San Francisco is wiping out marijuana convictions going back decades

Thousands of criminal convictions for marijuana spanning decades are going to be wiped out in San Francisco thanks to a current California law legalizing the recreational use of marijuana.

Proposition 64, which allowed legal sale of marijuana in 2018 following the law’s passing in 2016, will now be applied retroactively to past criminal cases, according to the district attorney’s office.

(Image: Google images)

With some convictions dating back to 1975, nearly 5,000 felony marijuana convictions and more than 3,000 misdemeanors will be affected by the new policy, District Attorney George Gascón announced Wednesday.

“While drug policy on the federal level is going backwards, San Francisco is once again taking the lead to undo the damage that this country’s disastrous, failed drug war has had on our nation and on communities of color in particular,” the district attorney said.

San Francisco District Attorney George Gascón, left, and FBI Special Agent in Charge David J. Johnson speak at a news conference in San Francisco, Tuesday, Feb. 16, 2016. (AP Photo/Jeff Chiu)

“A misdemeanor or felony conviction can have significant implications for employment, housing, and other benefits,” Gascón said, explaining that convictions will be reviewed and misdemeanors dismissed.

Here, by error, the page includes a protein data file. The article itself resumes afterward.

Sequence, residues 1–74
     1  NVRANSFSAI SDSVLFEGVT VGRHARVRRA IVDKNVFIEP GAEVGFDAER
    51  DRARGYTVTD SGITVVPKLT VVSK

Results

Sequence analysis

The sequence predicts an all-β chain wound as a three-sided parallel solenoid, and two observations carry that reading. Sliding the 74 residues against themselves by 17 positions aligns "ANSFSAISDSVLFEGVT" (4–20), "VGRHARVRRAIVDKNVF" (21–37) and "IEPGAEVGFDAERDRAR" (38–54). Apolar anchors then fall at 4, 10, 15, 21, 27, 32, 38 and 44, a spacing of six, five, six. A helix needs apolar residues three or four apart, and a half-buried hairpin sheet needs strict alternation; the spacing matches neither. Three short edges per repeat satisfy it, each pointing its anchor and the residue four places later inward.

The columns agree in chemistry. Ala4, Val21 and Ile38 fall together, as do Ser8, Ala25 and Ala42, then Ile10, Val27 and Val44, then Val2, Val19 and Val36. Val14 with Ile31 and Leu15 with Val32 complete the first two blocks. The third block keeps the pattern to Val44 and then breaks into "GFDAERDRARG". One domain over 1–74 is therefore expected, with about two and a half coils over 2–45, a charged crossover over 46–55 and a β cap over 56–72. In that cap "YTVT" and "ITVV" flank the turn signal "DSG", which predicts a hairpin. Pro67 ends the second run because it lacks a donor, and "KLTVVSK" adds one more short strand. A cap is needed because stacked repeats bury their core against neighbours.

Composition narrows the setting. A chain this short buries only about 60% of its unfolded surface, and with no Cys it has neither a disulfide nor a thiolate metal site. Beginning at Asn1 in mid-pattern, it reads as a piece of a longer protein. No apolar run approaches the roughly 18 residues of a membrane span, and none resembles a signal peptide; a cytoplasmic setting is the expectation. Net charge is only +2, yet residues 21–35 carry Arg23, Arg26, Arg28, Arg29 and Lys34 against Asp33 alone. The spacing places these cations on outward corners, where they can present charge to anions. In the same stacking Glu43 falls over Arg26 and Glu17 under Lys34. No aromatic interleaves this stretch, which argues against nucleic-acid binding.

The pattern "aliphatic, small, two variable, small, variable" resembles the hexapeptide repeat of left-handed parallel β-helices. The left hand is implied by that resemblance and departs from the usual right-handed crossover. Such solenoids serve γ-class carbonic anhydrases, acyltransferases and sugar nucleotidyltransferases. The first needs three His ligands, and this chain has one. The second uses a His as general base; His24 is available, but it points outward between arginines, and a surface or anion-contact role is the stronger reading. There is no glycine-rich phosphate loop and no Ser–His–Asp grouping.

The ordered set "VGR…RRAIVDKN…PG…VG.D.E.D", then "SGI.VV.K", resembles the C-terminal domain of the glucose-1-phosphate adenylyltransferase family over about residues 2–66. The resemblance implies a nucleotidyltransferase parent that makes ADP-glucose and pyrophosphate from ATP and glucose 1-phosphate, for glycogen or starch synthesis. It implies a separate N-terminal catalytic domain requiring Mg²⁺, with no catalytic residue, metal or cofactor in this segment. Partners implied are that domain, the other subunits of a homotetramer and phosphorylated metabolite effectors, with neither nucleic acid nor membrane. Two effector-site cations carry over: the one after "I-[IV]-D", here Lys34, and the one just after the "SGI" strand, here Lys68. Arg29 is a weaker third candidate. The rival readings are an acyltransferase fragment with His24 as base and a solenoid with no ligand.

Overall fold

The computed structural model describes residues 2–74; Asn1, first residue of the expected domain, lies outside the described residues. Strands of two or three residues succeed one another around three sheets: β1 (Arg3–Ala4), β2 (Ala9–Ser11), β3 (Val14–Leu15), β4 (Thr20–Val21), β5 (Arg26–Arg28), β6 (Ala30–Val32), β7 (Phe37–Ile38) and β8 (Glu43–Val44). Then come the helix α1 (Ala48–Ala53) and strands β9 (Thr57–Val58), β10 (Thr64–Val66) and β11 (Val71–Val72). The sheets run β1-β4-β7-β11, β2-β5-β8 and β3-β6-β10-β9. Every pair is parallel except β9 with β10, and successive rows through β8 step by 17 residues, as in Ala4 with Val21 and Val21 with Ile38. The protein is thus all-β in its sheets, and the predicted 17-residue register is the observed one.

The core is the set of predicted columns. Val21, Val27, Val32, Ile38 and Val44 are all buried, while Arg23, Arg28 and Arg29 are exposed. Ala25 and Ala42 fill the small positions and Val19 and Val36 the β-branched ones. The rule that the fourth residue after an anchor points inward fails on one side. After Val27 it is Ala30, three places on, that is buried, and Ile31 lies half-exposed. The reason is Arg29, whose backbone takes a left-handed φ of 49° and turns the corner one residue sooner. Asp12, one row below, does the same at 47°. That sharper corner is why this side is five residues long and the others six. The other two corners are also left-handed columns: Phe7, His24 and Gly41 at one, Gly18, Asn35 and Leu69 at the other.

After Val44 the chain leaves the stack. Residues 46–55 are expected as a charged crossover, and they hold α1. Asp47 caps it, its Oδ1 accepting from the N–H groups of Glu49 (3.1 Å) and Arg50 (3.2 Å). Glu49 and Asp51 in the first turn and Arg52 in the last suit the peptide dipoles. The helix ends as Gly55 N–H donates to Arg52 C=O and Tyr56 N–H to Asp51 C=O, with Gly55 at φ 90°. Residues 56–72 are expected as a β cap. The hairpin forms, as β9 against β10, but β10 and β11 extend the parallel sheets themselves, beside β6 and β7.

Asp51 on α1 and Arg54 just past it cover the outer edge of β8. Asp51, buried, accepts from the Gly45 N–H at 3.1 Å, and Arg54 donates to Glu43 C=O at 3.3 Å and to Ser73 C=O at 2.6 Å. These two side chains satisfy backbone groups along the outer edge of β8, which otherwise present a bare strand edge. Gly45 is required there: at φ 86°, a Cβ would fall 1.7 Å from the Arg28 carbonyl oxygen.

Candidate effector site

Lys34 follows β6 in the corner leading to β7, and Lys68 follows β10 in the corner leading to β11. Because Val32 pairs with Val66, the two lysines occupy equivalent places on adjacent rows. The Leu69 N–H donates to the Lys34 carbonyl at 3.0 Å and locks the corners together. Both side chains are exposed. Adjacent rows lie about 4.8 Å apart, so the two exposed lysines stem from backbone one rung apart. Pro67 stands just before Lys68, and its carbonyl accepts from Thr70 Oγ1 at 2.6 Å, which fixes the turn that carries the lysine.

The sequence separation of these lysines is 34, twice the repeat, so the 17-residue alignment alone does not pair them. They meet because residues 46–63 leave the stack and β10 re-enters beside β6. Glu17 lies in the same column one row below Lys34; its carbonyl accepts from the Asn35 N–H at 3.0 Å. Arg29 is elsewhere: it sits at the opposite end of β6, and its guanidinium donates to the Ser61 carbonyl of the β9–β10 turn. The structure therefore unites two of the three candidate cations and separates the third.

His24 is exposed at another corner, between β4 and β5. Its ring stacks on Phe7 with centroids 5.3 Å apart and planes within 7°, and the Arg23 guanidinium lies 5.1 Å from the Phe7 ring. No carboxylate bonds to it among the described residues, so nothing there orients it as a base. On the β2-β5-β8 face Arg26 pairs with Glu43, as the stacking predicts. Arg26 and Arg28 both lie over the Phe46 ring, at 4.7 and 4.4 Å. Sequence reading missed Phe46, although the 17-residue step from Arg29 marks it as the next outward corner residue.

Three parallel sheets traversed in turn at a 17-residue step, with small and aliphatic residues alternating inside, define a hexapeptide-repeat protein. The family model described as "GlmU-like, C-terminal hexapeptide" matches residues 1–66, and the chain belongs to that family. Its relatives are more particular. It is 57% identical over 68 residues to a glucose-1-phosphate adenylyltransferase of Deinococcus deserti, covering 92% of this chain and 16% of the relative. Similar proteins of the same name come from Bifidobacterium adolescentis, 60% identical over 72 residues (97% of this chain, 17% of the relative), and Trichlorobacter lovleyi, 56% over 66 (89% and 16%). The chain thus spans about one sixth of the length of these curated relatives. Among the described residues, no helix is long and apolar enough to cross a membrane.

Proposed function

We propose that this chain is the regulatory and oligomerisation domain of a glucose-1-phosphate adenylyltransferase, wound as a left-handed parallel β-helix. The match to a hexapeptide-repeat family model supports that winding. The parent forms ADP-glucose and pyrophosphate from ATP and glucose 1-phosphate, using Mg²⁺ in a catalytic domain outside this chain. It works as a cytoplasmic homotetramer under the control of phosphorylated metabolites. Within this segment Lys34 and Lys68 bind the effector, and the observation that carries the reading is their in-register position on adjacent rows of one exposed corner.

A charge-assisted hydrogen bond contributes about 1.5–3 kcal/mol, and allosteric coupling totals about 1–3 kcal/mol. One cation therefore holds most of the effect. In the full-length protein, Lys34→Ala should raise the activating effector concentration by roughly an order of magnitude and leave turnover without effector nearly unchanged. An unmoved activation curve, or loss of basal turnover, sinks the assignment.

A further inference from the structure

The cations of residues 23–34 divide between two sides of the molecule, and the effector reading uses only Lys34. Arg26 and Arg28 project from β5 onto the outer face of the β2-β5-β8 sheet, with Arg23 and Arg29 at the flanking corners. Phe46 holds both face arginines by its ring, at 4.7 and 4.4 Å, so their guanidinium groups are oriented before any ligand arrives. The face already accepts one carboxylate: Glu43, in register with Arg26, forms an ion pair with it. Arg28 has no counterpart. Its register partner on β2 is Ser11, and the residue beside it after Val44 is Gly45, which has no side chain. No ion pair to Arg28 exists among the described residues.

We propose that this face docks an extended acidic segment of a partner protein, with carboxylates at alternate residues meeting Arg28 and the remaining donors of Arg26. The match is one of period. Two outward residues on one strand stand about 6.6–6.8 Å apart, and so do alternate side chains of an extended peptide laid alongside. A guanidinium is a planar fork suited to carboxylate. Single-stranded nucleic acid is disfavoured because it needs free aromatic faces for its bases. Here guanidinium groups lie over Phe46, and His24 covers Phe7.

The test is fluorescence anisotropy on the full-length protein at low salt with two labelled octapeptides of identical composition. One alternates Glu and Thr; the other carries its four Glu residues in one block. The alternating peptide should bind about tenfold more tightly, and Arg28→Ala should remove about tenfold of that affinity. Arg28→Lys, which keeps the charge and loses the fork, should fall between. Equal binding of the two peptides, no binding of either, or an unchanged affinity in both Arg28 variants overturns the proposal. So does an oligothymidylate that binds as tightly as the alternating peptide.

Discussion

(Image: Google/MaxPixel)


More than 100,000 people may be eligible to have their records changed, according to an estimate by Laura Thomas, deputy state director for the pro-marijuana organization Drug Policy Alliance, NBC News reported. California state data indicated in September that about 5,000 people had applied for a change in their records – a fraction of the number who are likely to be eligible.

San Francisco has seen 23 petitions for dismissal or reduction have been filed since Proposition 64 was passed, Gascón said.

(Image: screenshot Fox News)

California’s Democrat Lt. Gov. Gavin Newsom, a former San Francisco mayor and a vocal proponent of DACA, called the move a “model for the nation.”

According to the district attorney’s office, more than two million people were arrested in California between 1915 and 2016 for marijuana but less than 5,000 people have filed to have their convictions reduced or removed since Proposition 64 was passed legalizing the recreational use of marijuana for those 21 and older in California.

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